Sunday, February 17, 2013

White Rock

At the risk of evoking eyerolls from my more seasoned bretheren, I'm sometimes reminded that I'm getting older.  When doing an event for the 3rd, 5th, or nth time, I realize that a year has flown by even though it felt as if I were just there.  The annual events are ticking off, like miles in an effortless marathon.  I swear, I just ran White Rock 2012.  And yet there we were again a couple of weeks ago, at the Brannon Mountain Church about 40 miles east of Fayetteville, on a cool but sunny first Saturday in February.  Whenever someone asks me what I'm doing this weekend and I reply, "running White Rock", the initial glimmer of  recognition involves the massive marathon held in Dallas every December.  This run is the delightful opposite.  It's motto has always been "no fees, no frills, no wimps", which has ironically been printed on event t-shirts in past years (frill alert). 

White Rock is close to home, which is a refreshing change from the runs requiring a 3:45am departure ahead of a 3 hour drive.  This year I had some friends from Memphis who came all the way over just for the event.  Not used to herding an entire household out of the door in the morning, we came screeching up to the start in my subcompact Honda just as RD PoDog was yelling "Go!".  As we joined the jolly but small starting line, I saw that I knew about 2/3 of the field, and was instantly bombarded by friends congratulating me for making it.  I ran to the first aid station in full conversation with several folks that reinforced the feeling of "home" that I often get in this situation.  Running countless miles with others over the years has a way of turning the whole into far greater than the sum of the parts, and I am often touched at the sense of family that I feel in the presence of the running peers that I have gotten to know.  Back to that first aid station... I stopped for what felt like a full 10 minutes to re-organize myself since I didn't have a chance to do it pre-race.  A little embarrassing, but overall added to the relaxed tone of the day.  I have a couple of events in March that have a little more pressure on them, so I enjoyed a true fun run.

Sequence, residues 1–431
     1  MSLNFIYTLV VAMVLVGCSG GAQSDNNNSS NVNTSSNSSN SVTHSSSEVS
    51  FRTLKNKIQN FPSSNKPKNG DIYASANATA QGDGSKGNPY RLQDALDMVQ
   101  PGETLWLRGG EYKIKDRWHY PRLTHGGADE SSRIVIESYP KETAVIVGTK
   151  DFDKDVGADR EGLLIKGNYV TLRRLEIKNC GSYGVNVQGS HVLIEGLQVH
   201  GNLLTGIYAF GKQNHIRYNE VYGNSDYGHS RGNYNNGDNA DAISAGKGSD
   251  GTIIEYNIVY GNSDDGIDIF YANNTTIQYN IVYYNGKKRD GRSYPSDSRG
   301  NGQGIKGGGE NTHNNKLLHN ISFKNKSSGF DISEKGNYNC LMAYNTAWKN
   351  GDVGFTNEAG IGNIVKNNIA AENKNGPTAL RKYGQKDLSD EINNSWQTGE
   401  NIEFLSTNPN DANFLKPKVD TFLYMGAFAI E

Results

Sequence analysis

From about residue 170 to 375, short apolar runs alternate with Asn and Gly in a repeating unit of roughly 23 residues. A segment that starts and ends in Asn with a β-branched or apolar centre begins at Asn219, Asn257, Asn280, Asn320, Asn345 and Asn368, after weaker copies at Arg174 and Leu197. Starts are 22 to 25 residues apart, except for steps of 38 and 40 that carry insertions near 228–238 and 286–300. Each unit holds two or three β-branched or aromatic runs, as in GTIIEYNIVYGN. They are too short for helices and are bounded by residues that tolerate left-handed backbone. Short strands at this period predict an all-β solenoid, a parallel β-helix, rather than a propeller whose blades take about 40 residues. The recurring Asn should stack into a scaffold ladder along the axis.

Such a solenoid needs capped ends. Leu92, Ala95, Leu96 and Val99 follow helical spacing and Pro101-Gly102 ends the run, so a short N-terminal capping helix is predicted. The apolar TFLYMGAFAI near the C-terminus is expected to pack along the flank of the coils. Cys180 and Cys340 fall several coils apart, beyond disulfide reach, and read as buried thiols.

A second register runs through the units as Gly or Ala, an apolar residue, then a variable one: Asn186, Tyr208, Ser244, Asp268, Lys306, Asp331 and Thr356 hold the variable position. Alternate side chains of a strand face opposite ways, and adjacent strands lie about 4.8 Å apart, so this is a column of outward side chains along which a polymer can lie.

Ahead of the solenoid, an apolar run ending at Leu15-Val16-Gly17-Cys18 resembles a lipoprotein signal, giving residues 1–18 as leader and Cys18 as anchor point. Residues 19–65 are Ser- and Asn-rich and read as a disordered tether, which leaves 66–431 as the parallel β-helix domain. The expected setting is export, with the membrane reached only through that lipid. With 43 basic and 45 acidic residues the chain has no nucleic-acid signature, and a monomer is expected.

I wish that I had a good picture of the scene at the top.  I am not good at remembering the mile-by-mile details of runs, but I do recall thinking that the course (still a temporary course due to closures on the original) doesn't seem to be "up" on the way out and "down" on the way back at all.  In fact, I swear that I walked more uphills on the way in.  Don't you like my non-scientific course profile?  Anyway, upon getting to the "top", I was beckoned in by friends from Fayetteville who were working the turnaround aid station.  I had seen these guys no less than 12 hours earlier at happy hour, then the after happy hour, and... you get the idea.  I saw my Athens-Big Fork running companion already plopped into a camp chair, beer in hand. After exchanging a knowing look that his race was done (me), and a look-who's-smarter thumbs-up (him), I wrote my name on the list at the overlook, said goodbye to my friends, and turned around. 
The run on in was fairly solitary, and I was ready to call it a day by the time I hit the last aid station.  Charile and Lou were making human arches for runners exiting their station, and again, I found myself regretting not having my camera.  I gave them both a big hug.  Arkansas ultras are what they are because of those two special people.  I was happy to be done.  The last mile is a flat open stretch of dirt road... doesn't it always seem to be that way?  I finished 12-15 minutes slower than last year, but that was ok.  I was trying to be slower and not thrash myself ahead of the LR marathon and 3 Days of Syllamo, which are starting to loom large in my near horizon. 

No fees and no frills, but good times and better friends.  See you next year.